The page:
Many Republicans want more competition, not less. Ben Watson of Savannah, a physician specializing in geriatrics, is among them. He’s replaced Unterman as chairman of the Senate health committee. Watson is an advocate of private, standalone out-patient clinics that public hospitals fear will cherry-pick the insured, leaving them the indigent. Watson and his allies think the private management companies that control many public non-profit hospitals are a main driver of unnecessary increases in health care costs.

Unterman is on the side of the hospitals. On Wednesday, in a separate trip to the well, she attributed the loss of her chairmanship to “lobbyists and donors who want to strip-mine Georgia’s health care system.”

This time, the Republican lawmaker wasn’t alone. There are 15 women in the 56-member Senate. Thirteen are Democrats. “I asked them for help,” Unterman later said. “Because I wasn’t getting any help in my own caucus.”

When Unterman made her Wednesday return to the rostrum, she came with numbers. In the last two years, her health committee had handled 121 bills. The Senate science and technology committee, which she now chairs, handled three bills and four study committees over the same period.

“I guess I don’t have the correct skill set anymore,” she said.

Elena Parent, D-Atlanta, followed her. Women are under-represented on the Senate committees that handle the heaviest and most important traffic, and “warehoused” in the ones that are sent the fewest bills.

In her local paper, Jen Jordan, D-Atlanta, a lawyer who sits on the governing board of the State Bar, had expressed delight at being named chairman of the Senate Special Judiciary Committee.

As part of the parade of women lawmakers, realizing how little legislation her committee would be considering, she now retracted that enthusiasm. “If all you’re going to do is put me in a committee and not give me any legislation to actually look at — shame on you,” she said.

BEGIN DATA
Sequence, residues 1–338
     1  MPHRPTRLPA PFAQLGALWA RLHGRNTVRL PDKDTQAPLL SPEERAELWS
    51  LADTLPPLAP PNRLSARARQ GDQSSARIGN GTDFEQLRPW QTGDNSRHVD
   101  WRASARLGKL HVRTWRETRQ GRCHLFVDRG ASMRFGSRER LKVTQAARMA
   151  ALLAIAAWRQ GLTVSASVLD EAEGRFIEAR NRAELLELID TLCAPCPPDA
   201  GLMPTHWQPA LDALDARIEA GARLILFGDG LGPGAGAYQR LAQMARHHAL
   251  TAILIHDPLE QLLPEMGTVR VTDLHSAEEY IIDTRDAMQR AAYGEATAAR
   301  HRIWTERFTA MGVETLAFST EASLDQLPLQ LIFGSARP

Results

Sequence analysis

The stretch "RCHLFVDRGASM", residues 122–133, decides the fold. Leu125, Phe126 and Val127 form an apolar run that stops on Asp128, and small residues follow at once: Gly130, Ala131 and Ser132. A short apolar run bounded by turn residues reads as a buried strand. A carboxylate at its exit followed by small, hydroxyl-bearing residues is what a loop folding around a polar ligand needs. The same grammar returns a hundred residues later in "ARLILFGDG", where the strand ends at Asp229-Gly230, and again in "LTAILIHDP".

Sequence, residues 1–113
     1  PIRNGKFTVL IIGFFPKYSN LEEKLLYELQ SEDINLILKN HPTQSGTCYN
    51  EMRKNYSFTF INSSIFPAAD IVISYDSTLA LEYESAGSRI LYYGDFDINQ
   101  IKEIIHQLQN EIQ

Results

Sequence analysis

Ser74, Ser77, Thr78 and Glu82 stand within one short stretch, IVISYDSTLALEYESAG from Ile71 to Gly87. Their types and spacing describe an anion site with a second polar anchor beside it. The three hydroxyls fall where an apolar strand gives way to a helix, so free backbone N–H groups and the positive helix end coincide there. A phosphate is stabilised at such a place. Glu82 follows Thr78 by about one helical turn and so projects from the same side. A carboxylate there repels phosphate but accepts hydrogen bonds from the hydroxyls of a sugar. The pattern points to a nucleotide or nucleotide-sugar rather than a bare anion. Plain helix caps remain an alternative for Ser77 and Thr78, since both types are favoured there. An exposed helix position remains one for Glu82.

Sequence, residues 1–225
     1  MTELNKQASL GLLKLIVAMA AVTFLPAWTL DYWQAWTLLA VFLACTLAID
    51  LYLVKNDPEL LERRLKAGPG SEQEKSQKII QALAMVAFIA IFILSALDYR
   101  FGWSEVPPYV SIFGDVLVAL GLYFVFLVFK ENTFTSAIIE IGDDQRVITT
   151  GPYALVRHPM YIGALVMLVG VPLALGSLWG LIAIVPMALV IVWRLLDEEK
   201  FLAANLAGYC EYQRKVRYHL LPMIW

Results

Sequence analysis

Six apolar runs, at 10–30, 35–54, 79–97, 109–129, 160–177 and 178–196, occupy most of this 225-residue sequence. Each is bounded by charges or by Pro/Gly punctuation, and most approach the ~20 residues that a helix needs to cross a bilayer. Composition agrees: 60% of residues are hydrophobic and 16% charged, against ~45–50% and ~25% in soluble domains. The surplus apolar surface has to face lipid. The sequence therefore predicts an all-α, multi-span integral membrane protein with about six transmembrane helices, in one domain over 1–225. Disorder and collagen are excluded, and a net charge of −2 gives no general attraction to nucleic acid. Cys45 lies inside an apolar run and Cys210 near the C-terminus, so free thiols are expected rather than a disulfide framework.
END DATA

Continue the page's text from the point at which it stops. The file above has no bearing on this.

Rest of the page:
The female protesters had wandered away from the initial spark of the uprising – that two-year lid placed on sexual harassment complaints against senators and staffers. Zahra Karinshak, D-Duluth, brought the chamber back to the topic.

The time period is actually shorter than that, the newly elected lawmaker and attorney said. The new Senate rules state that no harassment complaint can be filed against a senator who is a candidate for public office.

So running for re-election, or for any other office, would be a kind of temporary amnesty. The member would be free from any Senate ethics investigation from the time of qualification until the final certification of the election.

Quite the convenient loophole.

The women who went to the well on Wednesday were allowed to speak as long as they wanted. Duncan and other Senate Republican leaders attempted no interference.

Gender and party identification are tied so closely in the chamber that the Republicans could easily argue – and did — that the complaints amounted to mere Democratic whining. “Any insinuation that this year’s process was discriminatory is nonsense,” Duncan said in a statement later that afternoon.

The female disadvantage in the Senate may be only a temporary condition. Roughly 31 percent of Georgia’s freshmen class of state legislators are women, up from 25 percent two years ago, and 20 percent a decade ago.

“Democrat women have grown their numbers, and the Republican women haven’t,” Unterman said afterwards. “There’s no cultivation in the Republican party to encourage women. They want them to work on campaigns, they want them to lick the envelopes.”

Unterman has built her political career in suburban Gwinnett County – now a former Republican stronghold. I asked if she had considered switching parties in 2020.

“I’ve thought about it,” she said. “I agree with them on a lot of social issues.” Meaning health care and the environment.

“And yet I’m a gun-toter. I’m a hunter. I’m a fisherman. I’m pro-life. I’ve carried every single abortion bill that’s gone through the Senate,” she said.

For the moment, she’s also a Republican lawmaker without a home.